Inheritance Tax: an optional tax?

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The Tories came under serious fire from Gordon Brown in the final televised debate over their plans to raise the Inheritance Tax threshold to £1 million per person.

On the one hand, IHT is among the most unpopular taxes – perceived as one final opportunity for the government to get its hands on our already-taxed wealth – but on the other hand it is one of the easiest taxes to avoid and should only be paid by the very rich.

The first £325,000 of an estate (also known as the “nil rate band”) is free from IHT, and a recent rule change means that passing an estate to a spouse is now completely free of IHT and both tax-free allowances can be used on the surviving spouse’s death.  Therefore, in reality, only estates in excess of £650,000 are likely to incur IHT.

However, with some advanced planning, estates well above this amount need not pay any IHT at all.  Here are some relatively straightforward tips to avoid IHT:

  • The first and perhaps easiest step in avoiding IHT is to write a will.  The laws of intestacy are clumsy when it comes to IHT, and you will also make life considerably easier for your descendants;
  • Take out a Whole of Life assurance policy written under trust.  Such a policy will pay a lump sum on death, but because it is written under trust that lump sum is not considered part of the estate.  Hence, the premiums paid are effectively a transfer of assets from within the estate to outside the estate, and no IHT is due;
  • Set up pension arrangements under ‘Spousal Bypass Trusts’.  A spousal bypass trust also avoids IHT being payable on the assets within your pension.  On death, instead of transferring to your spouse, the pension is transferred into a trust for the benefit of, say, your children.  The surviving spouse does not have access to the assets directly but can borrow from the trust, with the loan being written off on his or her death.  Not only does the pension fall outside of the estate, but the loan reduces the value of the estate of the surviving spouse, thereby reducing his/her IHT bill as well;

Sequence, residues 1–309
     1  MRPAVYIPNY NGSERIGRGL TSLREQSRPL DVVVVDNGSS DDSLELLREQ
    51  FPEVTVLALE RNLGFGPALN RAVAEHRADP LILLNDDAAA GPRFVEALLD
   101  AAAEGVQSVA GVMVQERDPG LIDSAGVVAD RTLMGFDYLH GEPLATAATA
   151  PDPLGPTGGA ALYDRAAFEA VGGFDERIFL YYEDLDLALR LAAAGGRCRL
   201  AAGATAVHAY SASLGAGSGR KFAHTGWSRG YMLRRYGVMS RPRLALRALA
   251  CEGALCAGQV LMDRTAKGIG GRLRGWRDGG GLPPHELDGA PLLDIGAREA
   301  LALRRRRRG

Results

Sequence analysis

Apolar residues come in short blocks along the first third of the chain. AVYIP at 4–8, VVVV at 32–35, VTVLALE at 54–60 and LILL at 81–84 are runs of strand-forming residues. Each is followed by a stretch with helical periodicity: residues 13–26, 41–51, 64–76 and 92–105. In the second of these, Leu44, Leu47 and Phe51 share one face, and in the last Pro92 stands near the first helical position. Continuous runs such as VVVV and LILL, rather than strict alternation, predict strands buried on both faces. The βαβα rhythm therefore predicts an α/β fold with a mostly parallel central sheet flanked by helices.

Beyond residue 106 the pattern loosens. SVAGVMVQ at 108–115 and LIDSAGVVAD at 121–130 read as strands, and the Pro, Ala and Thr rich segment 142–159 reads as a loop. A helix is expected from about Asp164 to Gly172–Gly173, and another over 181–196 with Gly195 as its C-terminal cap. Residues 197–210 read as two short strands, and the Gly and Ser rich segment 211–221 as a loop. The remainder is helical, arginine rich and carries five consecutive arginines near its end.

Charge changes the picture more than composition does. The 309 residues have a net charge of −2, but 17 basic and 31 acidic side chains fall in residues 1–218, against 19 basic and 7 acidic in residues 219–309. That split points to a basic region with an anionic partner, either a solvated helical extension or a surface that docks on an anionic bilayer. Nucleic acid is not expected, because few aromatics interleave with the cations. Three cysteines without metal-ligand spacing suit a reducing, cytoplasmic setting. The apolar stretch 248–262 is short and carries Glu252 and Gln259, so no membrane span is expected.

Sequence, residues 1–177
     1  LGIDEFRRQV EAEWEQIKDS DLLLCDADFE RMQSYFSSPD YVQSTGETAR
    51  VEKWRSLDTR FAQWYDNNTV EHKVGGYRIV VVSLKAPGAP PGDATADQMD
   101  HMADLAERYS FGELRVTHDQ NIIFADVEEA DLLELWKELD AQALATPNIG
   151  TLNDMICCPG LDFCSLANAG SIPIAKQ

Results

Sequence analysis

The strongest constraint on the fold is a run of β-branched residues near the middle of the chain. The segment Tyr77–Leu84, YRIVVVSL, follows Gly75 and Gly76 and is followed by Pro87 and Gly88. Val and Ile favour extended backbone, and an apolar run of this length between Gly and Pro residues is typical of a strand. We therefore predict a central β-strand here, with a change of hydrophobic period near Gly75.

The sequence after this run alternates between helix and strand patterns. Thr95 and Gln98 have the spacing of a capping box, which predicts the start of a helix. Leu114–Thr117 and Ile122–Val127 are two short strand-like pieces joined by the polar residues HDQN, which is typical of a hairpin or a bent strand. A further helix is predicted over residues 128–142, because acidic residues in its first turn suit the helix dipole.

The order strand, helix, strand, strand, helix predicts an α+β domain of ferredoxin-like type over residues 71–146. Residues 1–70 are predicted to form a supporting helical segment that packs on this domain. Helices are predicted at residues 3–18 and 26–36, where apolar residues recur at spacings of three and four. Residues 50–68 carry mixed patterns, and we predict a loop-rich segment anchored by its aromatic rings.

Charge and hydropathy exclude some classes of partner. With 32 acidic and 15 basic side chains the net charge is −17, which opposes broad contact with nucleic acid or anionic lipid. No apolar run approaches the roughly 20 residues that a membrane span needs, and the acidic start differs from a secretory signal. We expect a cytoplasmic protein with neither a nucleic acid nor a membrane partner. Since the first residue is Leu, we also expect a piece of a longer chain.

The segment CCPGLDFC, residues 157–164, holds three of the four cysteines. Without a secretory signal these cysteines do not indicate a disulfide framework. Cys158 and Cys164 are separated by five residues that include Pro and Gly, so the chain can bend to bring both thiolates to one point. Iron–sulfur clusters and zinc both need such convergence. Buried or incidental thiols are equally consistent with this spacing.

• Gifts of up to £3,000 can be made per recipient per year without any IHT implications;
  • Yet regular payments out of income without a reduction in your standard of living are also exempt for IHT purposes;
  • And importantly, one-off gifts can be made in excess of £3,000 and while there is a seven year survival period in order to avoid IHT, the IHT liability tapers down from year three.  Furthermore, the recipient is entitled to take out a life assurance policy that matches the potential IHT exposure.  The premiums on such a policy will inevitably be lower than the IHT payable, so the seven year survival period really should not be a major consideration.

There really is very little excuse for not taking advantage of the above measures.  IHT is an easy tax to avoid, and it is for that reason that only 15,000 estates actually paid it last year (i.e. the top 3%).  Hence, it is a tax on the rich and Gordon Brown was right to point out that an increase in the nil rate band to £1 million will only benefit a very select few.



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